Today marks the first anniversary of Charles Benton’s death. You may have known Charles because you met him at a conference or you spoke on the phone or you read one of his articles. Tall, large of voice, possessed of dazzling grin and intractable hair, Charles naturally drew considerable attention. He was the Benton Foundation for many people. Over the past 12 months, there has been an incredible outpouring of love, support, and fond memories of Charles. My colleagues and I have had the pleasure of traveling around the country to be part of many celebrations of Charles’ – and the foundation’s – contributions. Although one might be tempted to call all this the Charles Benton Memorial Tour, for me, it has actually been a listening tour – hearing not just about what various people and groups admired about Charles, but also about their concerns and priorities as the country considers who will be leading us in the years to come. This year, I’ve been thinking about "Digital Deserts." Despite great gains in achieving universal broadband, a number of “Digital Deserts” persist in the U.S. Many communities and households still do not have broadband service. We want to offer policy recommendations that will transform these deserts into oases of opportunity, and connect them to affordable, reliable, high-capacity broadband. I’m so encouraged by the Federal Communications Commission’s decision to expand Lifeline support to include broadband service, making sure that millions of American families will no longer have to choose between buying groceries or paying for the connectivity that, for instance, allows their children to complete their homework assignments. But much more work needs to be done. I believe that broadband is a key instrument in addressing economic insecurity.

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Libraries Support Lifeline as Important Step on the Path to Digital Equity

When Benjamin Franklin created the first lending library in America almost three hundred years ago, he established an institution committed to letting loose the transformational power of knowledge. To this day, public libraries stand committed to the principle that information should be available to all, regardless of where you live, how much you earn, or when you were born. Increasingly libraries provide some of that information online, through free access to ebooks, original documents like the New York Public Library’s high-definition scan of Thomas Jefferson’s Declaration of Independence, and even software that you can borrow virtually through the Kansas City Public Library. All of these efforts depend on affordable, accessible Internet service.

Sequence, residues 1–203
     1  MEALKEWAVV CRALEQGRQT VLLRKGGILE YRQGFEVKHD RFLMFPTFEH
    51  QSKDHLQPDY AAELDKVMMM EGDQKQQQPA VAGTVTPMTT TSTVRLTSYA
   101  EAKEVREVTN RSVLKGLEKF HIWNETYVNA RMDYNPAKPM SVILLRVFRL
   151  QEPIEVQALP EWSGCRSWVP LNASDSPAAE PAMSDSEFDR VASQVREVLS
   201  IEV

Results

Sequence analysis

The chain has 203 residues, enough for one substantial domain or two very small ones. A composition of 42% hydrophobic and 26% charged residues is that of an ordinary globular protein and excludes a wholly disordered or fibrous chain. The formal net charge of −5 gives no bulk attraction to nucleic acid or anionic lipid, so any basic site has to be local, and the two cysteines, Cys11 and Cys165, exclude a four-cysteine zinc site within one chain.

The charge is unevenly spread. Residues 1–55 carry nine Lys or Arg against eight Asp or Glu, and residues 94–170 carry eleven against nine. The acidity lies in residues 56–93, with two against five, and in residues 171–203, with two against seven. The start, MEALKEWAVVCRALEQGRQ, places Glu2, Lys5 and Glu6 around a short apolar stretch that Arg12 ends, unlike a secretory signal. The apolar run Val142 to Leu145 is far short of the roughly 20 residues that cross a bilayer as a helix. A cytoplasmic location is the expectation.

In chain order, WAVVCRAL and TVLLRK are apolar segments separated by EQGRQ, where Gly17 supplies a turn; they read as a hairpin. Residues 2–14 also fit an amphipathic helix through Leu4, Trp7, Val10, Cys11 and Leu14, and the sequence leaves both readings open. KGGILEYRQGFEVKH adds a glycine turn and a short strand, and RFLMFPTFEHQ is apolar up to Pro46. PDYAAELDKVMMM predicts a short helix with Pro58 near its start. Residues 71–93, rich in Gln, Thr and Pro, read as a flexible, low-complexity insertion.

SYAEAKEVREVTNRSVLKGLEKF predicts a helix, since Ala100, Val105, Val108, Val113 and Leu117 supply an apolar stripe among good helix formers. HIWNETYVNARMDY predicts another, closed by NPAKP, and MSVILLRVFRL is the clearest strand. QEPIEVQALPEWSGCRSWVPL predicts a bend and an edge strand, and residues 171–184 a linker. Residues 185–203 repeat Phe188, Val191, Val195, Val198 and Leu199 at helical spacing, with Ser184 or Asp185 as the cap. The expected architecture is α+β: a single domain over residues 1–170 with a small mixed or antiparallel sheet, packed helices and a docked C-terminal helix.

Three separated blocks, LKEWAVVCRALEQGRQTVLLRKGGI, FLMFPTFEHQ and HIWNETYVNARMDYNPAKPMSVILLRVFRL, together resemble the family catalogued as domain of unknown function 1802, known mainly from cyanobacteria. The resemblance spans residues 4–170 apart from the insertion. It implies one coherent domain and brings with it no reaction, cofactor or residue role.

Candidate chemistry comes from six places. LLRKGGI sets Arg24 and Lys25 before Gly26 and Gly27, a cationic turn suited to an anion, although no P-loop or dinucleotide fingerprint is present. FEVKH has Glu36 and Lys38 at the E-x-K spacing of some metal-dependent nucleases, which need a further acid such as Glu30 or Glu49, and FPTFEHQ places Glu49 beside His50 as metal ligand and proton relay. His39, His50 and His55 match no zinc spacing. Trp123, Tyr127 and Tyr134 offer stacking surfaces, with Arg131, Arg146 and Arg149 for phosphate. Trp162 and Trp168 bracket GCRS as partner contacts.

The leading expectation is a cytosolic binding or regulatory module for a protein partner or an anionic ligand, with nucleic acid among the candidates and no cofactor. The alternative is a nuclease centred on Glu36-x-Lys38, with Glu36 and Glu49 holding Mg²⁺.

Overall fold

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Will Lifeline Modernization Be CURB-ed?

On April 19, the House Subcommittee on Communications and Technology marked up several telecommunications bills including the Controlling the Unchecked and Reckless Ballooning of Lifeline Act (or the Lifeline CURB Act (H.R.4884), if you’re scoring at home). The subcommittee approved the bill by a final vote of 17-11 along party lines, with Republican members of the subcommittee supporting the measure.

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Unlocking Potential: Internet and Prisons

Researchers and policymakers have largely forgotten prisoners when considering universal Internet access and the Digital Divide. These inmates are, by default, digitally excluded during their incarcerations, denying them access to a potentially potent tool for improving rehabilitation and decreasing recidivism.

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CURB Your Enthusiasm: House Considers Capping Lifeline Program and Passes Ban on Broadband Rate Regulation

Two important communication bills are winding their way through the House: On April 13, the House Communications Subcommittee held a hearing on seven (seven!) communications bills. One of those bills, The Controlling the Unchecked and Reckless Ballooning of the Lifeline Fund Act (CURB Lifeline) (HR 4884) seeks to impose a hard budget cap on the Lifeline program. Separately, the full House this week considered The No Rate Regulation of Broadband Internet Access Act (HR 2666), which would prevent the Federal Communications Commission from imposing rate regulations on broadband service. But some fear the bill would go far beyond blocking telephone-style rate regulations, gutting the FCC’s authority to enforce its Open Internet rules.

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FCC Connects Low-Income Consumers to the Internet

Although the Federal Communications Commission has not yet released a report and order on its decision to modernize the Lifeline program, we wanted to share a quick summary of the decision. Below, please find a great summary from Anthony L. Butler, a Consumer Education & Outreach Specialist in the Consumer Affairs & Outreach Division of the FCC's Consumer Governmental Affairs Bureau. The Benton Foundation will share a more detailed summary of the historic decision after the report and order is released.

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Can The FCC Protect Internet Subscribers’ Online Privacy?